6. I read the complete, unedited text, after being given it as a rather thoughtful Christmas present. It is rightly heralded as a classic piece of working-class literature, as it takes you into the brutish yet everyday horrors endured by the British working-class, at a time when socialism was beginning to gain ground. One of the most arresting aspects, is how little our lives have changed in the time since it was written (1914). Certainly there have been great strides forward in many aspects, but t [...]

    7. A passionately written socialist polemic describing the hardships Edwardian housepainters had to endure. There are no shades of grey in this novel, and the author believes that if you have a point to make, dont make it once when you can do it twenty times. Additionally the solution presented in the book with the benefit of being able to look back at the 20th century is naive to say the least. What however endures in this book beyond any doubt and provides it with a compelling voice even today is [...]

    8. This novel is set at the start of the 20th century and the birth of Britain’s Labour party as they attempt to bring about a Socialist utopia for the working classes. Outlining the resistance to change by the Liberal and Tory governing classes as well as the very workers that would benefit the most from the changes highlights the idiocy of the day. The working classes did not seek to better their lot condemning their children to the same fate even when the Socialists demonstrate the folly of co [...]

    9. I first came across this while reading the Secret Diary of Adrian Mole - a "sacred text" of mine when I was about 12. Adrian, wanting to be an intellectual, had got hold of the book but - I think - wasn´t sure he wanted to read a book about badly dressed stamp collectors. Now this book itself has become something of a sacred text to a lot of people and - finally getting around to reading it at 44 years young - I can see why.I don´t have much to add to what you can read in the other reviews or [...]

    10. This classic example of early socialist fiction, little read at the time of its publication nearly a hundred years ago, has found favour in recent times following the questioning of the capitalist system brought on by the credit crunch. Concentrating on working conditions in a painting and decorating outfit, the book celebrates the labour theory of value and condemns the exploiting class. Whilst occasionally subsiding into a ranting, didactic style, Tressell writes with enough verve, humour and [...]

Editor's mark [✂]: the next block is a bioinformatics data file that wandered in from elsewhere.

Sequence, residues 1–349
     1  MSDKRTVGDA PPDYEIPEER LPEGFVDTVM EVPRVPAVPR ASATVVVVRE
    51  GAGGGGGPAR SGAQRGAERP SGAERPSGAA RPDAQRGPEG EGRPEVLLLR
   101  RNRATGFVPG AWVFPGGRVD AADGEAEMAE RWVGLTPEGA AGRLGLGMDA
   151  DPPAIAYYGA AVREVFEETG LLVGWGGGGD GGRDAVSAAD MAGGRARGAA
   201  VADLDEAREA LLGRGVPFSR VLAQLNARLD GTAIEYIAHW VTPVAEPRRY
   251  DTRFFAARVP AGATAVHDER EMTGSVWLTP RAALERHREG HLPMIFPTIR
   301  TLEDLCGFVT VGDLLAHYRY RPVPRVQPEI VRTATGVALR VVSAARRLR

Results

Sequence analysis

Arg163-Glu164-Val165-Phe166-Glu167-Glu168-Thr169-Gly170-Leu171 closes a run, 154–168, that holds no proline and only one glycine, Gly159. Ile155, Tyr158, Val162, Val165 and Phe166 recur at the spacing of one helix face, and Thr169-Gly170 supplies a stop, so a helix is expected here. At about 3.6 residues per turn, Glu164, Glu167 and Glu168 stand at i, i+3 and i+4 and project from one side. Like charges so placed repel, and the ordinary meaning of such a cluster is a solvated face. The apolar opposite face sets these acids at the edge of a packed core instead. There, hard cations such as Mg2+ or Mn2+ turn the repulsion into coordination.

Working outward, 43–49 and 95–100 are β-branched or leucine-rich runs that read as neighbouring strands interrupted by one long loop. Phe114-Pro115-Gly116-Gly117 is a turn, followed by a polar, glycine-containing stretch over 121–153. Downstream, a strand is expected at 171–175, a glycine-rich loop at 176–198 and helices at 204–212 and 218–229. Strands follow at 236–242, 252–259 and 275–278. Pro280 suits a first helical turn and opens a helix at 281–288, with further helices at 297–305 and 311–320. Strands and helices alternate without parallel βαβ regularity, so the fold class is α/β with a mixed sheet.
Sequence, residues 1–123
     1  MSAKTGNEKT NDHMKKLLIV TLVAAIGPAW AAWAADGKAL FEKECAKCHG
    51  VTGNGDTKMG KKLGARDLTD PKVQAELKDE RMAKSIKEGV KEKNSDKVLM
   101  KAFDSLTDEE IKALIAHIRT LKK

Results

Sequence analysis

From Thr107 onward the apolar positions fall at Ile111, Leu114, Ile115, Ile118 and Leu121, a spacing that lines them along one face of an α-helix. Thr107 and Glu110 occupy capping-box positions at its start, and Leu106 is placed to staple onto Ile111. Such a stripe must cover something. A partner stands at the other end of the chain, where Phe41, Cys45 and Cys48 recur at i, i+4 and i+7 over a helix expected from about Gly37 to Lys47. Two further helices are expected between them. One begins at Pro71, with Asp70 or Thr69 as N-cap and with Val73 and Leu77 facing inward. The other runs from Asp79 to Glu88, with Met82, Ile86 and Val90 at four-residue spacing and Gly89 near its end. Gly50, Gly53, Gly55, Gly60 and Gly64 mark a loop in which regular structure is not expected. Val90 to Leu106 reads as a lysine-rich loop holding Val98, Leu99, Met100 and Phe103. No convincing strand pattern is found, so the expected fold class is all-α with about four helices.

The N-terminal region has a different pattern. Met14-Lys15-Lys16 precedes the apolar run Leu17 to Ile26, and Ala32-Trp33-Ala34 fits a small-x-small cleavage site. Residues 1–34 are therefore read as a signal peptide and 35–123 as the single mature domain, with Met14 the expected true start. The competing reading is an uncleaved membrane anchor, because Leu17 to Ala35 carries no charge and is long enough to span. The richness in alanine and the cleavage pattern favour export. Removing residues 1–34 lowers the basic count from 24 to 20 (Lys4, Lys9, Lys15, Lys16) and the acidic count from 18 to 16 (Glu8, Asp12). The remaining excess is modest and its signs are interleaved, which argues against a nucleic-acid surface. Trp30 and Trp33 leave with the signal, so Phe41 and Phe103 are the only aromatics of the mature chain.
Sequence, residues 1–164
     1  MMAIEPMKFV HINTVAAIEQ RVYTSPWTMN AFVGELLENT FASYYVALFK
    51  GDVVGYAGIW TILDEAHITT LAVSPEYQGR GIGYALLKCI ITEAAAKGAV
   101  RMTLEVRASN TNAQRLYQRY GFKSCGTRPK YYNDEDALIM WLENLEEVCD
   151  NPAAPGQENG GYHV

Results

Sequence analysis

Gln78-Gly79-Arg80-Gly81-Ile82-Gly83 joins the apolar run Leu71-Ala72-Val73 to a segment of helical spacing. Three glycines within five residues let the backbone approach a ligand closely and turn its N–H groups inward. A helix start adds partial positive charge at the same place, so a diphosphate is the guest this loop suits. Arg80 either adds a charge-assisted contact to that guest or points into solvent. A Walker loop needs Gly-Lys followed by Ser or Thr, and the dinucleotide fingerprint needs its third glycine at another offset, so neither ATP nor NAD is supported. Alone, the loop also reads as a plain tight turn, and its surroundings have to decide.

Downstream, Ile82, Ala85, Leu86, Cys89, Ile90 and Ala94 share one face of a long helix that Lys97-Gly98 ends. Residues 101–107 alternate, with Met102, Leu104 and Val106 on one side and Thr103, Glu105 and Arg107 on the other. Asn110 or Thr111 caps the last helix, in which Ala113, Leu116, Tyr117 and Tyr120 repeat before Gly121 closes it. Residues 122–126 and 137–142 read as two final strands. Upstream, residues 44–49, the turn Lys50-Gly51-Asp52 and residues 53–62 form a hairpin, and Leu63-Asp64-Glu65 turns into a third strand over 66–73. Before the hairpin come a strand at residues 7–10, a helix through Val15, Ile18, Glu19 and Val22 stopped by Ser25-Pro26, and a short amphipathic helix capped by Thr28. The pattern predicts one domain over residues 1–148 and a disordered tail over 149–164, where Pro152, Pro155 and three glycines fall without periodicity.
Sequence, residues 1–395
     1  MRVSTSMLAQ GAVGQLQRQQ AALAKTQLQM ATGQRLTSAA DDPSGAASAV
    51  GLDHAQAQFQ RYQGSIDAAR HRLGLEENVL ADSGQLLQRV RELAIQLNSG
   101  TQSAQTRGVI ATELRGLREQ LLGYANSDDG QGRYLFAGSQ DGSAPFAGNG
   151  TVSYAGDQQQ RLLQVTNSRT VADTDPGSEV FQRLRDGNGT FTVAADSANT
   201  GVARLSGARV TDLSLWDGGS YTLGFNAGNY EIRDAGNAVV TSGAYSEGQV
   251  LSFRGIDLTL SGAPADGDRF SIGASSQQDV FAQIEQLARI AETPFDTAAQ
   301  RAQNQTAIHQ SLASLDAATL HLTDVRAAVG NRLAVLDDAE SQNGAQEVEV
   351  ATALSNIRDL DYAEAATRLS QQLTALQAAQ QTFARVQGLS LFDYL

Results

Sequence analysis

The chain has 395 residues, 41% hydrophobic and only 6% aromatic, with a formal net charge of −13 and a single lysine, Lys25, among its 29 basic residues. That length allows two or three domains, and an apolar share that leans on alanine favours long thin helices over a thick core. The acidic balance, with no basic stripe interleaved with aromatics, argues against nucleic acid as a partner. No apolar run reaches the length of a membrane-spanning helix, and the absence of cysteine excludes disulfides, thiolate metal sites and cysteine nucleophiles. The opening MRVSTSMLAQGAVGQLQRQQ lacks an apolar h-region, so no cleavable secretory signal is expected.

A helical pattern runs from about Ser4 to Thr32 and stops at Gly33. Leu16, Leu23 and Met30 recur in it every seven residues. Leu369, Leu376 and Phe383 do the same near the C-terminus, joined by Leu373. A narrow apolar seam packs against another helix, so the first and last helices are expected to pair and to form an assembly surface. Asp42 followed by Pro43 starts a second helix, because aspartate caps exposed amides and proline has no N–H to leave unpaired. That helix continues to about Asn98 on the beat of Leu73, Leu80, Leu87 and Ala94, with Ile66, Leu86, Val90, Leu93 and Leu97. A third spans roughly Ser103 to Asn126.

11. The Ragged Trousered Philanthropists is a novel by Robert Tressell first published in 1914 after his death in 1911. An explicitly political work, it is widely regarded as a classic of working-class literature. Robert Tressell was the pen name of Irish writer Robert Croker, who later changed his name to Robert Noonan. It seems to me it would be easier to just keep your name then try to go through whatever it is to go through to change your name not only once but twice. The name Crocker was the na [...]

    12. What a book. This is a novel exposing greed, corruption and the pusillanimous nature of the class system which is as relevant today as it was on the day it was published.The story revolves around the plight of working men and how they are perceived by and treated as sub-human commodities by their bosses and the bosses underlings. Tressell (a nom-de-plume for Robert Noonan)was a journeyman painter and decorator and moved from his native Ireland to follow any work he could find. The novel is a dis [...]

    13. A must read for anybody interested in socialism or the life of the working class before its emergence. Told before the NHS and before welfare, reading it now is a reminder of what current governments are trying to take us back to. The book tries to expose greed and exploitative working conditions and it's quite disheartening to think that 100 years on the battle remains, quite possibly even more so. The worst thing about this book is that it is still relevant.